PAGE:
Autonomous vehicles (AVs) are coming soon to a roadway near you. Is your community ready for them?
AVs are poised to disrupt the built environment and planning practices just as the automobile did more than a century ago. Planning for Autonomous Mobility is a call to action for planners to develop policy solutions and infrastructure investments that ensure an attractive, people-friendly, equitable, and safe AV future.
The authors offer planners a primer on AV technology and explore its many opportunities and challenges. AVs may improve traffic safety, travel efficiency, transportation access, and air quality — but they could also reinforce auto-oriented sprawl, increase vehicle miles traveled and emissions, and undermine active transportation modes. Which way the scales will tip depends on the policy and planning decisions planners and local governments make, starting now.
A world with AVs will require retrofitting, reimagining, and repurposing transportation infrastructure and the built environment. This PAS report previews these coming changes, and advises planners on how to prepare for and manage these transitions to ensure their communities reap the benefits — and avoid the pitfalls — of AV technology.
Executive Summary (pdf)
About the Authors
Jeremy Crute has been the senior planner in Florida State University’s Department of Urban and Regional Planning for the last four years. There he has managed a wide range of applied and scholarly research projects on community redevelopment, transportation, and land-use issues.
William (Billy) Riggs, PhD, AICP, LEED AP, is a global expert and thought leader in the areas of future mobility and smart transportation, housing, economics, and urban development. He is a professor at the University of San Francisco School of Management, and an advisor to multiple companies and start-ups on technology, smart mobility, and urban development.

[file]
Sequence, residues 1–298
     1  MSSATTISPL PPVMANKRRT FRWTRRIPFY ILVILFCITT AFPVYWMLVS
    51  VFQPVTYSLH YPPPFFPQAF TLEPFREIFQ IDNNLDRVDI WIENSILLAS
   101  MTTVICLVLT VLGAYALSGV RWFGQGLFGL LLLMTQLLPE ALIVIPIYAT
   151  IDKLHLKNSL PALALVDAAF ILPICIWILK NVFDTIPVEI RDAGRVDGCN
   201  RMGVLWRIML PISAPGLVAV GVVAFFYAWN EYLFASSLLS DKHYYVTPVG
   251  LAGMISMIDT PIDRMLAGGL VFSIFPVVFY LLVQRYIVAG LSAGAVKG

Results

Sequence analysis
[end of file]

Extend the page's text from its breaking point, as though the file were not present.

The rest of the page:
Timothy S. Chapin, PhD, is the dean of the College of Social Sciences and Public Policy and a professor in the Department of Urban & Regional Planning at Florida State University, where he has studied the effectiveness of Florida’s growth management regime, assessed the success of planning efforts in shaping development outcomes, and evaluated the role of sports facilities in the promotion of urban redevelopment.
Lindsay Stevens, AICP, is the land program manager for the Florida Chapter of The Nature Conservancy, where she provides strategic leadership for land protection efforts including implementation of conservation real estate transactions and planning for the protection of critical areas in Florida.
Table of Contents
Chapter 1: Introduction
Planning, Uncertainty, and the Revolution
About This Report
Chapter 2: Autonomous Vehicles 101
The Technology: What Is It and How Does It Work?
AV Ownership and the Rise of Shared AVs
Timeline for AV Adoption
Chapter 3: Planning Opportunities and Challenges in an AV World
AV-Related Planning Opportunities
AV-Related Planning Challenges
Other Secondary Impacts of AVs
Chapter 4: Potential Impacts of AVs on the Built Environment
Signage and Signalization
Interface With Bicycles and Pedestrians
New Design Paradigms
Chapter 5: Considerations for Policy Making and Infrastructure Investments
Addressing Planning Opportunities and Challenges
Transitioning to an AV-Dominated System
Addressing AV in Community Planning Processes
Chapter 6: Conclusion: The Transformative Impacts of AVs